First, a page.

Fernando Martinez was once considered one of the game’s top hitting prospects, but the Astros were able to pluck him off waivers in January after the Mets essentially gave up on him. Now he’s in line to get regular playing time in the major leagues.
Prior to tonight’s game, the Astros placed outfielder Travis Buck on the disabled list with an Achilles injury and recalled Martinez from Triple-A Oklahoma City.
Martinez’s star has faded in recent years due to a chronic knee injury and poor production in the minor leagues, but it probably didn’t help that he was needlessly rushed through the Mets’ minor league system. While it feels like he’s been around forever, it’s easy to forget that he’s just 23 years old. Fortunately for the Astros, Martinez has actually been both healthy and productive this season, batting .319/.374/.532 with eight homers, 38 RBI and a .906 OPS through 51 games at the Triple-A level.
Astros manager Brad Mills told Brian McTaggart of MLB.com that Martinez is not being called up to sit on the bench. Sure enough, he’s starting in right field and batting sixth tonight against the Reds. While Martinez may never deliver on the hype attached to him as a “teenage hitting machine,” he’s a worthy gamble for the rebuilding Astros.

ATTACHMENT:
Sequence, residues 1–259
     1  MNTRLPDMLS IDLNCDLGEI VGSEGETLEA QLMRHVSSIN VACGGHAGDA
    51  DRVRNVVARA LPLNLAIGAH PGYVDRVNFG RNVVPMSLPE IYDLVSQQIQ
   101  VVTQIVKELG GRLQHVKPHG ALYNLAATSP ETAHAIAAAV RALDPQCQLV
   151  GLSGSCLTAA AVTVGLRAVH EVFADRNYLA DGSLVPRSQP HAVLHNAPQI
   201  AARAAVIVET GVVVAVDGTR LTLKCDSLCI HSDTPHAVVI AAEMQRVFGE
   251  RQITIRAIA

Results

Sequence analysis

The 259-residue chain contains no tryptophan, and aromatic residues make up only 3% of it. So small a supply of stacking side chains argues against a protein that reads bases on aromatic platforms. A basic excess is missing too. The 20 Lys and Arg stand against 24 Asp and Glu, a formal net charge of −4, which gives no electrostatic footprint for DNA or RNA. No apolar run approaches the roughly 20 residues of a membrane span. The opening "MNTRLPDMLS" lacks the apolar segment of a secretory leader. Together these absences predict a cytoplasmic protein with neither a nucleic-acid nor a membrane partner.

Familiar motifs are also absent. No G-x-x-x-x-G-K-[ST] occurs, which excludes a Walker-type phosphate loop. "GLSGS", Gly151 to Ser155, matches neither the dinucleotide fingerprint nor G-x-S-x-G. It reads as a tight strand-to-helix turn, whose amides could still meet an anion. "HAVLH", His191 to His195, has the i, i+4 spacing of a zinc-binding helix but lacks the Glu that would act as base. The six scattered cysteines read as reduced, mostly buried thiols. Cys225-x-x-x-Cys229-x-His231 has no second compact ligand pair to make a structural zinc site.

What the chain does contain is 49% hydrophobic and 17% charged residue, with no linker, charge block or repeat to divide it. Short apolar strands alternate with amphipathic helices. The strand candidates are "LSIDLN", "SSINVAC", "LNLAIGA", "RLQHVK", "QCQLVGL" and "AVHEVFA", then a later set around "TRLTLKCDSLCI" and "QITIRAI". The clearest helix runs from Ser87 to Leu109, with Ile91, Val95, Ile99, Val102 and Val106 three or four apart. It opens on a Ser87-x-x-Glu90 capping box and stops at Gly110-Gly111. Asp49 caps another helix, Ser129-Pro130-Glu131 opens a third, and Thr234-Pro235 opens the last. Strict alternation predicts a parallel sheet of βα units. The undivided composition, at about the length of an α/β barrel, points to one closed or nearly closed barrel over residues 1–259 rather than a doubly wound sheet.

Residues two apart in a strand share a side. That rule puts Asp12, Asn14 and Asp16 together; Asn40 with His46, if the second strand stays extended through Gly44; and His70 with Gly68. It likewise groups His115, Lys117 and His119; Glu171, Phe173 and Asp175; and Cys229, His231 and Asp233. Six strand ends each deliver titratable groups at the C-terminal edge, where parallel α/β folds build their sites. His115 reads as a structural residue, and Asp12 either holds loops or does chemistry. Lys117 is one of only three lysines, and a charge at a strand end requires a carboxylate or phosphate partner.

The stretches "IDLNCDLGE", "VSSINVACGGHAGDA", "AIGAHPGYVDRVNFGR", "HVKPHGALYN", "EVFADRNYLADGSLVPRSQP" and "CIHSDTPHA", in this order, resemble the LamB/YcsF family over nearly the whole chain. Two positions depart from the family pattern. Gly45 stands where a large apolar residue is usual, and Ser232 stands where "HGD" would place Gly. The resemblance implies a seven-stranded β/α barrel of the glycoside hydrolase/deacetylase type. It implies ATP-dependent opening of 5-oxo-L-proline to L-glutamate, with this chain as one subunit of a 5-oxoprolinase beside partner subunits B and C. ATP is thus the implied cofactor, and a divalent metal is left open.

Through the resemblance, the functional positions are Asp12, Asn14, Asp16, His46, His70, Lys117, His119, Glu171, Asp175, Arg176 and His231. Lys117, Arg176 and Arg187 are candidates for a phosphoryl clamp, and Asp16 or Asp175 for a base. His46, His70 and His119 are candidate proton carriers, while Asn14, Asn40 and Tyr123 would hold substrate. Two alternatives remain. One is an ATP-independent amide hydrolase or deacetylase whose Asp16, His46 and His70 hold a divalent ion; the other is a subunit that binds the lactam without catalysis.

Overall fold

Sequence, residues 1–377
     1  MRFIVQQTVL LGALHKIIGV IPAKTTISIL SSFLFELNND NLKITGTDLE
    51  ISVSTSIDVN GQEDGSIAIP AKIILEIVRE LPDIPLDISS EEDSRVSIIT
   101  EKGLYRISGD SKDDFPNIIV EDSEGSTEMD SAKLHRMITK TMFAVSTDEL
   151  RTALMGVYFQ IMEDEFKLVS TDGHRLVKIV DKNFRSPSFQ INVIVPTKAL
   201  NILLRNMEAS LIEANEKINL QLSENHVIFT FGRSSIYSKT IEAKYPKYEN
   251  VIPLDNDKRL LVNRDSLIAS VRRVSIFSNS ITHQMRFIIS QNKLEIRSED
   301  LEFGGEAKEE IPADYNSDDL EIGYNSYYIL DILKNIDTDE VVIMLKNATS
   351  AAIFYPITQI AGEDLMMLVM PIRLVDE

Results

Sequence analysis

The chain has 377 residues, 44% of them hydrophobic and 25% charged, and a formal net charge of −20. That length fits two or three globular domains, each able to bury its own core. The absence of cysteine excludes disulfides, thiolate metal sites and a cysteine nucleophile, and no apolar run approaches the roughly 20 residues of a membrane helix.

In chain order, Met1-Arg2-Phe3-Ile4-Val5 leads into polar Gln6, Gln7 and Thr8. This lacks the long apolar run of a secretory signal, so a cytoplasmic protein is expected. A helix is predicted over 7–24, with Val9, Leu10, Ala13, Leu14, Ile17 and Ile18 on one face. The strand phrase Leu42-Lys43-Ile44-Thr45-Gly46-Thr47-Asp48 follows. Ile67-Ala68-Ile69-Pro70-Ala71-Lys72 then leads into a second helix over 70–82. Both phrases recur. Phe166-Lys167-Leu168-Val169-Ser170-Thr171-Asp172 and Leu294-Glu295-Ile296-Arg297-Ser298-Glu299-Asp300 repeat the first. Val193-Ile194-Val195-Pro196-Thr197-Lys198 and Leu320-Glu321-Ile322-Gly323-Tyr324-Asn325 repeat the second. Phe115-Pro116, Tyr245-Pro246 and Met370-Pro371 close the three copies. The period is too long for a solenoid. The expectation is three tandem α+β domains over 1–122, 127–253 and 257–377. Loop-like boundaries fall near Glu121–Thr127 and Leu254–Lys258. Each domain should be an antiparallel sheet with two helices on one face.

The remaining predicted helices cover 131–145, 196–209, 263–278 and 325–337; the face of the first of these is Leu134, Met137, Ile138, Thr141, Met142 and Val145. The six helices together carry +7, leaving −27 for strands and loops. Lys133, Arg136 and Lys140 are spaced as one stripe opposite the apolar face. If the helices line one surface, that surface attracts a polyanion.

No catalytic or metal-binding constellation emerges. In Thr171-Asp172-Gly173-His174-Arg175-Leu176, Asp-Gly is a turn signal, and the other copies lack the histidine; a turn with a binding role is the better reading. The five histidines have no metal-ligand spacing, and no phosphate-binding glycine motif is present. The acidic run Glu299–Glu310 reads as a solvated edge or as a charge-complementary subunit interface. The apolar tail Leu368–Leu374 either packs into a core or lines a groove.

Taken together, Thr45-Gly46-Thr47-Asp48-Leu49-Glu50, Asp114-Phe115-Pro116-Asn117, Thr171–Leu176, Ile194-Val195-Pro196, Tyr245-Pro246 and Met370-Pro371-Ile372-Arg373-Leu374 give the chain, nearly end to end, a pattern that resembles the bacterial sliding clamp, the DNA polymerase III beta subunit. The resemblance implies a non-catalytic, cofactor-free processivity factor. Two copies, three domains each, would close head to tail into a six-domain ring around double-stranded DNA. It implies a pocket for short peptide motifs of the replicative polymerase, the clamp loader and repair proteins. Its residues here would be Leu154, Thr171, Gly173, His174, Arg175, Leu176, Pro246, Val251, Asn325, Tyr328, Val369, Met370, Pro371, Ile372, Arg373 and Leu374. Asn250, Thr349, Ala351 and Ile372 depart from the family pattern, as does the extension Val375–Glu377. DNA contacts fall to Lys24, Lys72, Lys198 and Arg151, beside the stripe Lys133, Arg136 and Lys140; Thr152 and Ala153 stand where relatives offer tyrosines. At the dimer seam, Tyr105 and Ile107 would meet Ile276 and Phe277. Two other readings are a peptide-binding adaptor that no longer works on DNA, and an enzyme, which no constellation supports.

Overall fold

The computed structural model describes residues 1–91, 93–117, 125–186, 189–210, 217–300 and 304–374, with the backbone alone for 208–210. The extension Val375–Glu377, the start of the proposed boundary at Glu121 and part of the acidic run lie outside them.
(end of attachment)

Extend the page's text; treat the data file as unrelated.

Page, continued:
Blue Jays manager John Gibbons is slated to remain with the club through the end of the 2018 season, general manager Ross Atkins told reporters on Friday. The news follows a report from Ken Rosenthal of FOX Sports, who cast some doubt on the veteran skipper’s future with the team several weeks ago when he said the Jays “seem destined to move on from John Gibbons.”
While it appears Gibbons’ job is safe for the next six weeks, that’s not saying much — especially as the club currently sits 30.5 games back of the division lead and will prepare to continue restructuring a sub-.500 roster come fall. As recently as last week, he hinted that he wasn’t feeling particularly eager to oversee a full rebuild. Per Rob Longley of the Toronto Sun:
Truthfully, a full breakdown, you know I have to admit I don’t know if I’m interested in that,” Gibbons said prior to Friday’s 7-0 blowout loss to the Tampa Rays. “But we’ll see. I’m still here. I’ve enjoyed every minute of it.
Over 11 cumulative seasons from 2004-2008 and 2013-2018, the 56-year-old manager has guided the team to a winning record just five times, most recently when they earned back-to-back playoff appearances in 2015 and 2016. He still has another year remaining on his contract, which was recently lengthened to include the 2018 and 2019 seasons and includes an option for 2020 as well.
Atkins also revealed that the club is prepared to reevaluate Gibbons’ role during the offseason, though it’s not yet clear whether they intend to keep him on for the next two years as originally planned, reassign him to another role within the organization, or terminate his agreement with the team altogether.